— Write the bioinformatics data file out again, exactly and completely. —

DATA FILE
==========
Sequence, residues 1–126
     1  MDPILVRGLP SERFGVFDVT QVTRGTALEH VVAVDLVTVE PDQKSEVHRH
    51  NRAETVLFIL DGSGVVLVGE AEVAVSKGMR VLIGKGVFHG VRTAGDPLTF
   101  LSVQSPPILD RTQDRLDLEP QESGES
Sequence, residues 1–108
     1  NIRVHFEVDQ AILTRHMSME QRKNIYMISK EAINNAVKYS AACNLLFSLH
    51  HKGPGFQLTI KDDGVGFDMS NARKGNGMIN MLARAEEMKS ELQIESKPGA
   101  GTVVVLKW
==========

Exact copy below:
Sequence, residues 1–126
     1  MDPILVRGLP SERFGVFDVT QVTRGTALEH VVAVDLVTVE PDQKSEVHRH
    51  NRAETVLFIL DGSGVVLVGE AEVAVSKGMR VLIGKGVFHG VRTAGDPLTF
   101  LSVQSPPILD RTQDRLDLEP QESGES
Sequence, residues 1–108
     1  NIRVHFEVDQ AILTRHMSME QRKNIYMISK EAINNAVKYS AACNLLFSLH
    51  HKGPGFQLTI KDDGVGFDMS NARKGNGMIN MLARAEEMKS ELQIESKPGA
   101  GTVVVLKW